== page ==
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Labor & Employment attorney Joseph S. Brown provides an update on the OSHA COVID-19 mandate and what this means for New York private employers with one hundred or more employees.
Covid-19 has yielded a significant amount of personal injury litigation against health care institutions and individual providers. In response, the federal government and many state governments have passed statutory immunity from civil and/or criminal liability for health care provided during the pandemic. As discussed by attorney Kara Eyre, the scope and application of these statutes varies by jurisdiction, with important ramifications.
The COVID-19 pandemic instigated a wave of legislation in New York state targeted at nursing homes. Medical Malpractice and Nursing Home Liability Associate Stephanie L. McCance explores the implications and practicalities of this legislation rollout for facilities, and the potential impact that these new regulations may have on future litigation.
On November 4, 2021, the U.S. Occupational Safety and Health Administration (“OSHA”) issued a new Emergency Temporary Standard (“ETS”) “intended to establish minimum vaccination, vaccination verification, face covering, and testing requirements to address the grave danger of COVID-19 in the workplace.”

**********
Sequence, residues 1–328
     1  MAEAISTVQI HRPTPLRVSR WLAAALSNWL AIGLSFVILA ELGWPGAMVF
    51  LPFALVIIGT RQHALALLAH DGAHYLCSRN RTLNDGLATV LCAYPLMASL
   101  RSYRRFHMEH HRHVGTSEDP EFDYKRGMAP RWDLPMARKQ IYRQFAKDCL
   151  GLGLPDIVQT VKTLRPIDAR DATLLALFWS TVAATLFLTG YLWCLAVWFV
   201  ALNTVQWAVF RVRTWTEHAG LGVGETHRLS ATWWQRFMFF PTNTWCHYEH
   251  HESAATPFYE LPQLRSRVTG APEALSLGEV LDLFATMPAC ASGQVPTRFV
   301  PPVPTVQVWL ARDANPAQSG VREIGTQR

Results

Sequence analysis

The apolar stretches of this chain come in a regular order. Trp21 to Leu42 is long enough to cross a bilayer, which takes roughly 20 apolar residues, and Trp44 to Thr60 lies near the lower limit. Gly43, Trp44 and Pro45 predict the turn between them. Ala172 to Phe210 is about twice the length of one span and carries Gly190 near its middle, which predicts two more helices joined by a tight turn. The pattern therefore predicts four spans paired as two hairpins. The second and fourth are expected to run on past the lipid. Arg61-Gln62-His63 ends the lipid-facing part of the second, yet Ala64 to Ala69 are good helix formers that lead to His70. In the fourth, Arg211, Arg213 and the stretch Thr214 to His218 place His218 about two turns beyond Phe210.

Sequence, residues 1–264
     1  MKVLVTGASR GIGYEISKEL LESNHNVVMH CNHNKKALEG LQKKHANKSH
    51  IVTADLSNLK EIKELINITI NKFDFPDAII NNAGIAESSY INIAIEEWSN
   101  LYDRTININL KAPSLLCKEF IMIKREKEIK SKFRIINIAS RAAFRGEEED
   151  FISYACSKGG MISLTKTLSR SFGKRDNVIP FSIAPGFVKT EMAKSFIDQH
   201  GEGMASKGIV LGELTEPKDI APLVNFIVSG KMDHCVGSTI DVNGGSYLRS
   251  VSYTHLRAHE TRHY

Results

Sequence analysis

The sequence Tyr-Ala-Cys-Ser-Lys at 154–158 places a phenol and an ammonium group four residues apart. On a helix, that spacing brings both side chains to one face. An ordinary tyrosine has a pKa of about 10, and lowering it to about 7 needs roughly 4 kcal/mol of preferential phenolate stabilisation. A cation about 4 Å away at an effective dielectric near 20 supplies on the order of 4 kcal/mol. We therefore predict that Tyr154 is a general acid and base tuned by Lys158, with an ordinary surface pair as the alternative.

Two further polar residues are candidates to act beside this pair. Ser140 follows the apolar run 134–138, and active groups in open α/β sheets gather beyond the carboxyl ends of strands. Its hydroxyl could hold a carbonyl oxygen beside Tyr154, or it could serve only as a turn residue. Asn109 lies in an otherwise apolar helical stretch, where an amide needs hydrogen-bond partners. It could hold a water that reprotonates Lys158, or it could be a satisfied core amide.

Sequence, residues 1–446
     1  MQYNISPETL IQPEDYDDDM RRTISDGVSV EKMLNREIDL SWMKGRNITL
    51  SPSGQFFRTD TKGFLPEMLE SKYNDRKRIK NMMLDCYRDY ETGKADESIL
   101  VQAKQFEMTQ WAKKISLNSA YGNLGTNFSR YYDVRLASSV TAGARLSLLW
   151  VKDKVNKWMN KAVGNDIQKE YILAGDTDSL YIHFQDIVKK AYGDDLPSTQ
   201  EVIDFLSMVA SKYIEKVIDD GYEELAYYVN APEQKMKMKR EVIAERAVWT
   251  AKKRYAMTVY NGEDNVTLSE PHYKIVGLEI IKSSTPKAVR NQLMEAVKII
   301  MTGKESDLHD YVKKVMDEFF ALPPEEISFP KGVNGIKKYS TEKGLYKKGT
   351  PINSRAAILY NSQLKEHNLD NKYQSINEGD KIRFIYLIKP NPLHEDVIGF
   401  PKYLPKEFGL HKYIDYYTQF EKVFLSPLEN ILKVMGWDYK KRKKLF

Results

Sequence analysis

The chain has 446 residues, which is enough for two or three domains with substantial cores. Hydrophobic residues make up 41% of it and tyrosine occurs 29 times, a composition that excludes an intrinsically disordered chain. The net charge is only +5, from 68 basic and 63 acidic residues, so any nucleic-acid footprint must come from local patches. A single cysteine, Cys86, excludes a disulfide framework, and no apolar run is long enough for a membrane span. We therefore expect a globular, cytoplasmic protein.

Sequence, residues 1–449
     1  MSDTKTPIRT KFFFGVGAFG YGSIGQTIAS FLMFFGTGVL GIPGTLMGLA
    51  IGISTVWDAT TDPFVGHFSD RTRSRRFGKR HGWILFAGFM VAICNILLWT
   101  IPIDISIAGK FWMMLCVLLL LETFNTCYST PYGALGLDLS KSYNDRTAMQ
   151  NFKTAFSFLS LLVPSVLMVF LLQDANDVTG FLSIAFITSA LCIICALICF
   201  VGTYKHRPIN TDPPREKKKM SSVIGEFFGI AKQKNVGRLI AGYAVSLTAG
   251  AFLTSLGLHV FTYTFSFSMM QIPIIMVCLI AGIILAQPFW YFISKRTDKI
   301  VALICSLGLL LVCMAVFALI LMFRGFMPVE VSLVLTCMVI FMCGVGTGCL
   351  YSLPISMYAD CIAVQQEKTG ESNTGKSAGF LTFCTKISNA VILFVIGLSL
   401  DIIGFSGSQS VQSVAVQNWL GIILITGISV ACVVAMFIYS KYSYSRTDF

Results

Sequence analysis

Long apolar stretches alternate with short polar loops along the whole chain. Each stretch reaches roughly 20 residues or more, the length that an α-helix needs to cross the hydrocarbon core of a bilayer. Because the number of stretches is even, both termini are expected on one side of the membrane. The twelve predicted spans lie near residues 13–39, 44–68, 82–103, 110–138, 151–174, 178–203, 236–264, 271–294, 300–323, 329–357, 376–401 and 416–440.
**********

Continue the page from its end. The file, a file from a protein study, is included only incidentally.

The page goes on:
Employment and Business litigator Joseph S. Brown provides an overview of the basics of the ETS, an update on legal challenges to the rule, and what employers can do now to prepare.
Insurance Litigator Lee S. Siegel was quoted in a Law360 article, "COVID-19 Coverage Fights Head to State High Courts" by Shawn Rice. He comments on whether the courts will be consistent with their decisions on COVID-19 coverage fights or will take a more state-specific approach.
Managing Partner Jody E. Briandi featured in 2022 publication of U.S. News - Best Lawyers "Best Law Firms"
Hurwitz and Fine Managing Partner, Jody E. Briandi was recently featured in the 2022 publication of U.S. News - Best Lawyers "Best Law Firms" for her article, "Navigating the New Normal," in which she discusses how the pandemic has affected law firm culture and work environment
New guidance released by the Equal Employment Opportunity Commission (“EEOC”) on October 13, 2021, discusses vaccine mandates and employer incentives for vaccination. The new guidance also discusses employer requests for vaccine confirmation and confidentiality of employees’ vaccine information. Attorney Katherine L. Wood advises on this guidance.
NY HERO ACT UPDATE: COVID-19 Designation Extended to October 31, 2021, New Guidance and Updated Model Plans
The Commissioner of Health has extended the designation of COVID-19 as a highly contagious communicable disease that presents a serious risk of harm to the public health under the New York Health and Essential Rights (“HERO”) Act until October 31, 2021. The New York State Department of Labor released updated Information & FAQs on the HERO Act and updated the Model Airborne Infectious Disease Exposure Prevention Plan. This alert summarizes these recent developments.